Nikon, Canon, Sony, Fuji, Panasonic, Olympus – which is the best camera for a beginner?
Spend enough time on the internet and you’ll find thousands of articles comparing and rating individual cameras, which is great if you know what you’re looking for. But what if you don’t?
If you’re a beginner photographer looking to make your first steps then this guide will take you through all the popular brands and give you an overview of each manufacturer.
I’ll even give you a summary of the best cameras for beginners currently available from each brand.
If you haven’t already caught our previous article about which camera features to look out, then click here.
We’ll look at the 6 most popular camera brands and give you a overview. In no particular order, here we go…
Nikon is one of the oldest, and still most popular, names in photography.
The make a complete range of compact, mirrorless and DSLR cameras. Alongside rival, Canon, Nikon dominates the current camera market. Therefore, as a beginner, you’ll find lots of choices in Nikon cameras.
There is a wider selection of lenses from Nikon, which are better suited to beginners.
Nikon’s menu system and camera body design hasn’t, like Canon, changed too much over the years which makes them easy to learn. You’ll spot many similarities in Nikon and Canon cameras.
To tell the difference in models (between Canon and Nikon) when reading online, here’s a little tip. Nikon DSLR cameras are labelled such like D3500, D8700 etc. Whereas Canon cameras are labelled oppositely i.e., 250D, 500D
Lens Mount Name: F-Mount (DSLR) / Z-mount (mirrorless)
Sensor Names: DX (APS-C cropped sensor) / FX (full-frame)
Best Nikon Camera for Beginners: Nikon D3500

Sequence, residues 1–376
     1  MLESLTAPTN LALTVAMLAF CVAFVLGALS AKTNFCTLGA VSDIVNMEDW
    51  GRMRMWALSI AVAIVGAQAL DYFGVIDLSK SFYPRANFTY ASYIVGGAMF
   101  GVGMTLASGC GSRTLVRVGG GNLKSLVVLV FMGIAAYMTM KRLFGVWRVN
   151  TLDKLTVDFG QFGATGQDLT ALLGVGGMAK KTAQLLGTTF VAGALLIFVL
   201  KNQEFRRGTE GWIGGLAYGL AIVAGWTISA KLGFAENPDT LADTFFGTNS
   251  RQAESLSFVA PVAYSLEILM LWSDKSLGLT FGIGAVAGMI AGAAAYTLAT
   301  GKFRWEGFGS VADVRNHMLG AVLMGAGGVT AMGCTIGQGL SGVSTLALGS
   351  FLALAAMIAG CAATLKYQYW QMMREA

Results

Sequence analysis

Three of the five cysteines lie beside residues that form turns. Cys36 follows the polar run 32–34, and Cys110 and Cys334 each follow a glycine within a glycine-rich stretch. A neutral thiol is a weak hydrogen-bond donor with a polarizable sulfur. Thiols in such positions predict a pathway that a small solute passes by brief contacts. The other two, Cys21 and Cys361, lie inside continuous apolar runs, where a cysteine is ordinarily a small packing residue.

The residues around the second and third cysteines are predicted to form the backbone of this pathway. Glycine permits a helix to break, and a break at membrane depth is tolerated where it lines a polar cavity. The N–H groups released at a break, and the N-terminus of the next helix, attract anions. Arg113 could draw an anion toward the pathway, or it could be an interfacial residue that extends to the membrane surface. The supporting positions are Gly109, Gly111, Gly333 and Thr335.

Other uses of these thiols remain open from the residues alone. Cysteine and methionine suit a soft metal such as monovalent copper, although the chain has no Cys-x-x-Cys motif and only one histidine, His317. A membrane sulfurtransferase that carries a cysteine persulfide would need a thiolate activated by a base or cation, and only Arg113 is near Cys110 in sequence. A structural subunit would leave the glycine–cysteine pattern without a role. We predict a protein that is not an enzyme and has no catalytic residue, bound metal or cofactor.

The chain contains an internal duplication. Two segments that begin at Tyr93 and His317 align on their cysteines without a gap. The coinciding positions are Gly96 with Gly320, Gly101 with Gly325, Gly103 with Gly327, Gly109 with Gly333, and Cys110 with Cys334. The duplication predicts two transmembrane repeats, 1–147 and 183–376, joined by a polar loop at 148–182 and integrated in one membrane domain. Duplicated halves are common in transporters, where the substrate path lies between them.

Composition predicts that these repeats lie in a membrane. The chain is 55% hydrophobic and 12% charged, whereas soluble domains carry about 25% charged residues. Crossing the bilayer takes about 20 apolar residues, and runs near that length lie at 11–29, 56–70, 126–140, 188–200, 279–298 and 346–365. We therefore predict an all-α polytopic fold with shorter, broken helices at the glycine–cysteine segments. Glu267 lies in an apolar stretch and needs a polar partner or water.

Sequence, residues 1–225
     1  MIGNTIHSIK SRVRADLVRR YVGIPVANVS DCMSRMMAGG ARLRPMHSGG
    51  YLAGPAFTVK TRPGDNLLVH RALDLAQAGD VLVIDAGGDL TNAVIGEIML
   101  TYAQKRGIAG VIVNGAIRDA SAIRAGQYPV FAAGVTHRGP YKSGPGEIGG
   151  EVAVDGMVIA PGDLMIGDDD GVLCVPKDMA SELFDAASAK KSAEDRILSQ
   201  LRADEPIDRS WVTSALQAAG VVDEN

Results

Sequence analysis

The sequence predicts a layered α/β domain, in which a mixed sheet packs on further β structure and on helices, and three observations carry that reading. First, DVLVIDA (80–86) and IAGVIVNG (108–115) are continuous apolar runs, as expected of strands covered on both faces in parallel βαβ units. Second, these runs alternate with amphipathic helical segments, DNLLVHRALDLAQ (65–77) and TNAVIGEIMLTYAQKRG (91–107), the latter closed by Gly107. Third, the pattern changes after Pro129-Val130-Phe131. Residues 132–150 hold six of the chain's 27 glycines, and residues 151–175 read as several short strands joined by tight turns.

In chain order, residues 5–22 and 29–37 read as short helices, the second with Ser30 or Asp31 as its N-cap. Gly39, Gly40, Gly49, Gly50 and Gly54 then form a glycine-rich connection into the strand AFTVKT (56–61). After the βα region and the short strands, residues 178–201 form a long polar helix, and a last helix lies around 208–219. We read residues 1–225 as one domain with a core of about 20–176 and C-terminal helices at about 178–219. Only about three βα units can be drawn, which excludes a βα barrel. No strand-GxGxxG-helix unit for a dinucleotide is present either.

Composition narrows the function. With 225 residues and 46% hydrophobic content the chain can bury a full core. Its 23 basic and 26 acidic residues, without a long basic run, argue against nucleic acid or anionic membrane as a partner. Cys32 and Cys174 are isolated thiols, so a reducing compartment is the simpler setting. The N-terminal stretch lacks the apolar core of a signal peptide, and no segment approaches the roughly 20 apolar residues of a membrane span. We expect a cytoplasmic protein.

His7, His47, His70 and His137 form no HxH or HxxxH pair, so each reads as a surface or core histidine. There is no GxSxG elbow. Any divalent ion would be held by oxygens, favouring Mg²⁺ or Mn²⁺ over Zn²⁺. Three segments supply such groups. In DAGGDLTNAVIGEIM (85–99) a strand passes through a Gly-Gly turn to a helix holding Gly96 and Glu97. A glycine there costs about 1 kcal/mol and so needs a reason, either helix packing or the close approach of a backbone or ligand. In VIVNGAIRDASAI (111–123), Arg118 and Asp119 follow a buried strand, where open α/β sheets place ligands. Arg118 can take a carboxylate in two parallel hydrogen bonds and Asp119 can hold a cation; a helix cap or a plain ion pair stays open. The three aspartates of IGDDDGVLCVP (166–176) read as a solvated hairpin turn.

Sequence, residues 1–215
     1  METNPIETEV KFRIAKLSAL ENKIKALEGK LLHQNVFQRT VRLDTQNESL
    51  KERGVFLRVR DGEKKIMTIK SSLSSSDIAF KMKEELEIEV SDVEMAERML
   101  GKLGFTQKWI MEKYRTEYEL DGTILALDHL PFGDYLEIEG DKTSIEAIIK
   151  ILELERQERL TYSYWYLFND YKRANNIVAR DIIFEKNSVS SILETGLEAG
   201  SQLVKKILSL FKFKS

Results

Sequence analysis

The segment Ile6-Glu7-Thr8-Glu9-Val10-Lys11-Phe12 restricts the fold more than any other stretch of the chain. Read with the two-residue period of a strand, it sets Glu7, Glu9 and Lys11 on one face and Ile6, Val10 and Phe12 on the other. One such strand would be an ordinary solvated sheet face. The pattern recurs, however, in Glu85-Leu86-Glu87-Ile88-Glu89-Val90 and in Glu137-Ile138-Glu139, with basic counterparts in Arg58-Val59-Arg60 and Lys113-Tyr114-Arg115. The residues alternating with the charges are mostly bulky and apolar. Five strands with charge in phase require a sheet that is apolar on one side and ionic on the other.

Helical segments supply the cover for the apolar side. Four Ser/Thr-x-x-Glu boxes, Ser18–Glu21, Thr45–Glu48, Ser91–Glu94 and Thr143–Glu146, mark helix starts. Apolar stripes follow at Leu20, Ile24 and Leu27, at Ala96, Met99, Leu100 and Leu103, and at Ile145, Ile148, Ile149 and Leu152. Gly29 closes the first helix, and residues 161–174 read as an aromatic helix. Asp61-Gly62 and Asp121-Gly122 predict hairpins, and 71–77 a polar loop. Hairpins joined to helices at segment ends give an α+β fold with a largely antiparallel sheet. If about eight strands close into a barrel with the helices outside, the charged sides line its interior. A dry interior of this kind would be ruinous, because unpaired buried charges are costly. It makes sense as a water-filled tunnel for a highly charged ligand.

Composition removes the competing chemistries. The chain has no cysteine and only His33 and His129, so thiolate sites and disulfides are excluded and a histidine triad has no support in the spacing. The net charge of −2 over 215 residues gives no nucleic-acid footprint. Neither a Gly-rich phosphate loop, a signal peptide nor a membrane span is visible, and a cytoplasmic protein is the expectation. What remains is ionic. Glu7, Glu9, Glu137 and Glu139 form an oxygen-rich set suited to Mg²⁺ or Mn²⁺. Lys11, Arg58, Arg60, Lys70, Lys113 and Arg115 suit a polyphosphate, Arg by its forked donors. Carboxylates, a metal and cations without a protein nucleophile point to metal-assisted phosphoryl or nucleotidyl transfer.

Slowly starting to become the outright leading camera manufacturer is Nikon’s constant rival – Canon.
Much like Nikon they produce a huge range of compact and DSLR cameras. They’ve recently started to make the move into mirrorless bodies too. For Canon photographers there are many third party companies (Tamron, Sigma, Samyang) whom produce cheaper lenses compatible with Canon DSLR and mirrorless bodies.
Plus, the range of Canon and third party lenses available for their camera bodies is quite extensive. As a result, being able to get started and take amazing images is easy with Canon.
Fortunately, there are Canon cameras and lenses tailored to every need and every budget. If you’re looking for a reliable and popular brand of digital camera for beginners, look no further than Canon.
Lens Mount Name: EF-Mount / RF-Mount
Lens Types: EF (compatible with all DSLRs) / EF-S (designed for APS-C cropped sensors) / EF-M (designed for EOS M mirrorless range) / L (luxury high end pro lens)
Alternative Model Names: Kiss (Japan) / Rebel (USA) / EOS D (Rest of the World)
Best Canon Camera for Beginners: Canon EOS 250D / Rebel SL3
Sony has been a later arrival to the photography market, in comparison to some of its competitors. They focus their attention on mirrorless digital cameras more so than DSLRs.
Image quality and ergonomics is the centrepiece of Sony’s mission as camera maker. Their impressive sensors and fast responding autofocus systems have seen them rise in popularity over the years. Their mirrorless range is called Alpha (sometimes just signified with an ‘A’).